AD442: Most Kenyans seek – and find – justice outside formal court system

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Dispatches
2021
442
Simon Templer Kodiaga and Paul Kamau

Kenya’s Constitution calls for a justice system that is accessible, affordable, and comprehensible to ordinary people and that dispenses justice fairly, speedily, and without discrimination, fear, or favour. The Constitution lays down principles to guide the administration of justice, including equality before the law, efficiency in the delivery of justice, mainstreaming of alternative justice systems, and the importance of substantive justice regardless of legal procedures and technicalities (Republic of Kenya, 2010).

However, many Kenyans are unable to enjoy their constitutional right of access to justice, whether because of financial constraints, the complexity of the law, a lack of legal counsel, long delays, or other reasons (Logan, 2017). Kenya consistently ranks low in terms of the rule of law and judicial integrity. The World Justice Project’s (2020) Rule of Law Index rates Kenya 102nd out of 128 countries globally.

A large backlog of cases remains a problem, although notable progress has been made: Between January 2017 and December 2018, the backlog was reduced from 170,186 to 102,773 cases pending for more than five years. This 40% reduction was made possible through support provided to alternative dispute resolution (ADR) mechanisms aimed at easing the burden on the courts (Republic of Kenya, 2019).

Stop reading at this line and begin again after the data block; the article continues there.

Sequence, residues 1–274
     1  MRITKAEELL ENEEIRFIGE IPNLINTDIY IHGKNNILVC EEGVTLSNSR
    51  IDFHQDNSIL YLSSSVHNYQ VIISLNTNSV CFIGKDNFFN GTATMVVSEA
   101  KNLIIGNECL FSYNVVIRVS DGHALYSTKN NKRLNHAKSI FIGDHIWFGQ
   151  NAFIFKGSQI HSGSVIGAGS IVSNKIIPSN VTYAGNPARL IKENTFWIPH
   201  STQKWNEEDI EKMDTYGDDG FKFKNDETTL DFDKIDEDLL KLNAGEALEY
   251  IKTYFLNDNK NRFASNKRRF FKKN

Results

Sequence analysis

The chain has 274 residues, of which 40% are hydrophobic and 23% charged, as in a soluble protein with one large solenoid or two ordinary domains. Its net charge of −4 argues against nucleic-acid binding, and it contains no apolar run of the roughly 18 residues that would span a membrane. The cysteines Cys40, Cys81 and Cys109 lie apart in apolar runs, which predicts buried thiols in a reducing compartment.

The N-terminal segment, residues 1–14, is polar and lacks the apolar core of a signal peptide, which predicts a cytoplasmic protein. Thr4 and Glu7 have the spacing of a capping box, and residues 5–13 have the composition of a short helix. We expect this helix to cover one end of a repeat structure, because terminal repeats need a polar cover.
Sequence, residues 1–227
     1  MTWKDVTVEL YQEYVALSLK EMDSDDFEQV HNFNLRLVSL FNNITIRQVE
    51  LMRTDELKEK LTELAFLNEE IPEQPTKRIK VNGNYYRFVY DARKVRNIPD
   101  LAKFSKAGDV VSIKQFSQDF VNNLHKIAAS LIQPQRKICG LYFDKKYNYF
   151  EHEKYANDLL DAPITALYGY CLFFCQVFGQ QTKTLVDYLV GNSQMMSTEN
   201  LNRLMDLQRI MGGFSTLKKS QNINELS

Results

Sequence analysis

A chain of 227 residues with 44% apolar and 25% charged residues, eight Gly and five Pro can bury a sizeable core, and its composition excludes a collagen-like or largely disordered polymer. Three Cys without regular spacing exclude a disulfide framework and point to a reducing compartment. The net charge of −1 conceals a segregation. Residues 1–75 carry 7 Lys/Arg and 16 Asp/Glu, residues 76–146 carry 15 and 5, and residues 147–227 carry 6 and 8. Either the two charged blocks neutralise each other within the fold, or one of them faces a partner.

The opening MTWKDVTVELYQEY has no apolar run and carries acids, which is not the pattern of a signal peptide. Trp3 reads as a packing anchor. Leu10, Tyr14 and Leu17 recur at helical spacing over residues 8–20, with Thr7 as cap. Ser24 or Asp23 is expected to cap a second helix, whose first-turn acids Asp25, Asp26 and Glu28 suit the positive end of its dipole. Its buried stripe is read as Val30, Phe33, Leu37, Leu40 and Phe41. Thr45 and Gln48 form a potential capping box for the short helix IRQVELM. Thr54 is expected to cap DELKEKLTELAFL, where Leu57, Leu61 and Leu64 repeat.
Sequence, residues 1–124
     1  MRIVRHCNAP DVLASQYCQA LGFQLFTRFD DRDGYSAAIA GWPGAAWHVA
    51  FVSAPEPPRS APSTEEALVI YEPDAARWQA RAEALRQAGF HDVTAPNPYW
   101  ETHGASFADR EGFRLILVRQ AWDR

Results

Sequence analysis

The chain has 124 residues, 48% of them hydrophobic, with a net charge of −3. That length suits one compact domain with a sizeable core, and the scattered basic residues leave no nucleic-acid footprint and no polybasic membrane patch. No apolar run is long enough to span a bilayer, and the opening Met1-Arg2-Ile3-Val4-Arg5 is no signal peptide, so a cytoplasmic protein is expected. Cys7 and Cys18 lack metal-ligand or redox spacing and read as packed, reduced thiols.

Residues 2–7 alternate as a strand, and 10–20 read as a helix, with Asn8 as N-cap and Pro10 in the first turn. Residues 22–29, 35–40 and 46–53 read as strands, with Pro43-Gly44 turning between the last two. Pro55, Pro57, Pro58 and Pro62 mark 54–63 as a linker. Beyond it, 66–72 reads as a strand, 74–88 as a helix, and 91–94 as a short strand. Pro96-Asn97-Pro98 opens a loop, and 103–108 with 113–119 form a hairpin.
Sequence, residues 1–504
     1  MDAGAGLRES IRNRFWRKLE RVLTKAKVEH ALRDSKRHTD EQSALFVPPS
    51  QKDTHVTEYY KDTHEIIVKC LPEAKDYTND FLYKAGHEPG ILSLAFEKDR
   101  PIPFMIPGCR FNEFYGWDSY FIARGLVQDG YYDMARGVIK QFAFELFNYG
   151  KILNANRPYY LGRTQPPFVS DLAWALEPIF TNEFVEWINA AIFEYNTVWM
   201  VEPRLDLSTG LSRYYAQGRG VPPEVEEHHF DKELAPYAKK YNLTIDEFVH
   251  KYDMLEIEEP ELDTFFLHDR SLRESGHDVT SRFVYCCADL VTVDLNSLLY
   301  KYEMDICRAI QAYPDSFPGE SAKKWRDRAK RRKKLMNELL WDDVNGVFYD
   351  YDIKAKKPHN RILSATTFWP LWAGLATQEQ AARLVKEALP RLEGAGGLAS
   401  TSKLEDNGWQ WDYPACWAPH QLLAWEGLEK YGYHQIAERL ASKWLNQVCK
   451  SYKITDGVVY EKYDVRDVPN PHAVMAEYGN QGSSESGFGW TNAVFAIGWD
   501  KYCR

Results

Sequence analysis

To improve efficiency and enhance access to justice, the Kenya judiciary also digitalized court files and court proceedings, automated registries, and implemented electronic filing of cases (e-filing), automated fee assessment, e-payments, and other e-services (International Law Development Organization, 2017).

But findings from the most recent Afrobarometer survey in Kenya suggest that challenges remain. Although a majority of Kenyans trust the courts, more than one-third think that most or all judges and magistrates are involved in corruption – about half the perceived corruption level for the police, but twice the rate for traditional and religious leaders. A majority of citizens who interacted with the courts reported problems such as costs they couldn’t afford and judges who wouldn’t listen.

Most Kenyans with justice-related problems turn to family and friends, traditional leaders, or other resources outside the formal court system, and they are generally satisfied with the outcome.